Pull-ups work the shoulders too and I do wide push-ups for shoulders too. Usually the first thing that gets tired in a fight are your legs and arms, including the shoulders, so I think it’s important to work them so that, in the later rounds, you still have that crispness in your shots.
I do a lot of pull-ups, dips and some light weights. I also swim. I’ve done dips and pull-ups since I was very young but when I turned professional I added the weights and the work in the swimming pool. I think swimming is one of the best exercises because it works every muscle in your body and builds your strength and stamina. I do the bodyweight work to build my stamina and strength so I’ll still be strong in the later rounds. I’ll do 25 reps three times, so 75 in total.
My conditioning coach has me doing a lot of things. He’ll put me on this machine where I’ll spread my arms straight out together in front of my face and grab two handles and have to pull my arms up and back with little light weights. It burns the back of your arms.
Usually at least three times a week… you know how a baseball player after pitching a hard game will ice their arm? Well I put my hands in an ice bucket and I’ll have my trainer massage my hands. It keeps them going real good. I put a big pad of gauze and wrap my hands really well with a lot of tape; I’m real careful because early in my career I had some problems. I wasn’t used to the impact out of headgear. In the amateurs you hit somebody with 10oz gloves and the headgear and at the beginning of my pro career I used to punch with my hands open a little bit because I was used to that from the amateurs and I used to hurt my hands with the thin gloves. Now I’ve learned how to lock my hands and my forearms when I throw punches so I no longer have those problems.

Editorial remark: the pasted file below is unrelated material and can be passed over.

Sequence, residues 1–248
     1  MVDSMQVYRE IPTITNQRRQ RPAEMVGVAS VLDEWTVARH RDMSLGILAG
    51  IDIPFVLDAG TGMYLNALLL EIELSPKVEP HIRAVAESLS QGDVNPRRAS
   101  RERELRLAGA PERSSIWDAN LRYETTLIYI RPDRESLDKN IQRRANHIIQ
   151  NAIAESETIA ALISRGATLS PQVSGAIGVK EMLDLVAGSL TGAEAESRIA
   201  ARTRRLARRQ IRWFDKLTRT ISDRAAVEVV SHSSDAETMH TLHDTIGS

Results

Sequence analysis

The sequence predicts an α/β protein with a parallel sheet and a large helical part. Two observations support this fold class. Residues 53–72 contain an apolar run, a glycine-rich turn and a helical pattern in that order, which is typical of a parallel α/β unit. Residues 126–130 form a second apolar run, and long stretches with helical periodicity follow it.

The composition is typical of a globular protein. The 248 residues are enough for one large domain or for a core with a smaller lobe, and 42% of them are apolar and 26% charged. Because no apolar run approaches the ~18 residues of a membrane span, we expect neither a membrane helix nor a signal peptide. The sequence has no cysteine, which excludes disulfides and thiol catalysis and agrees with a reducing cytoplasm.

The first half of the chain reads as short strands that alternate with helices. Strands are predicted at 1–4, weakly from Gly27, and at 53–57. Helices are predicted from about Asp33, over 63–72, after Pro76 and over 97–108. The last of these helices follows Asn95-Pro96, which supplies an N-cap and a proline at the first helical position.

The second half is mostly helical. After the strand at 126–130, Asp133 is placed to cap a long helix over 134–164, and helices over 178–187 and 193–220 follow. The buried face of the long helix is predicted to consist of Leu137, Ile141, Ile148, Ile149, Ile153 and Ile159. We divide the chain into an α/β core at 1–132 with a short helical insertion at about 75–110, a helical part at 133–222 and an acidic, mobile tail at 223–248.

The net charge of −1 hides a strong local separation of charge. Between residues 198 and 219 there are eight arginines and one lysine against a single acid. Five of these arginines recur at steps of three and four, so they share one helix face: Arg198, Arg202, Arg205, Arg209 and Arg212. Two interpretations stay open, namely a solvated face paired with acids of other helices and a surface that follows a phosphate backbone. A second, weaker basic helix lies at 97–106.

I do a lot of core work. I get on a sit-up bench and I’ll have to hold the medicine ball really high then lean back to where I feel uncomfortable, to the point it burns my core really bad. And I’ll have to sit there and do three sets of those – there’s no time limit, I just have to sit there until I can’t take it anymore. I have to hold the ball – which is about 12 or 15lbs – straight up until my body just burns to death! I also do sit-ups, leg raises where you have to hold yourself up and bend your legs up for your lower abs.
Of course running is the No. 1 thing and we do pool work and the leg press machine like Ricky Hatton used to do. I do duck-walks and squats. Everything is sets of 25. I swim laps up and under in the pool and my trainer has me holding the wall and kicking my feet, paddling as fast as I can for three minutes, so we do about five rounds of those.
Out of seven days I’ll work on strength and conditioning for five of those. And I’ll do that for three hours each time. I think the strength and conditioning is everything because when you get to a certain level in boxing you can’t just hit a fighter and he’ll go down like early in your career. You’re facing fighters who have been through wars, who know how to block shots, slip punches and it’s not about talent, it’s about strength and conditioning; the person with the best conditioning will win the fight. Never forget the basic workout: sit-ups, pull-ups and push-ups. And dips. Get used to working with your own bodyweight. The basic stuff keeps you strong.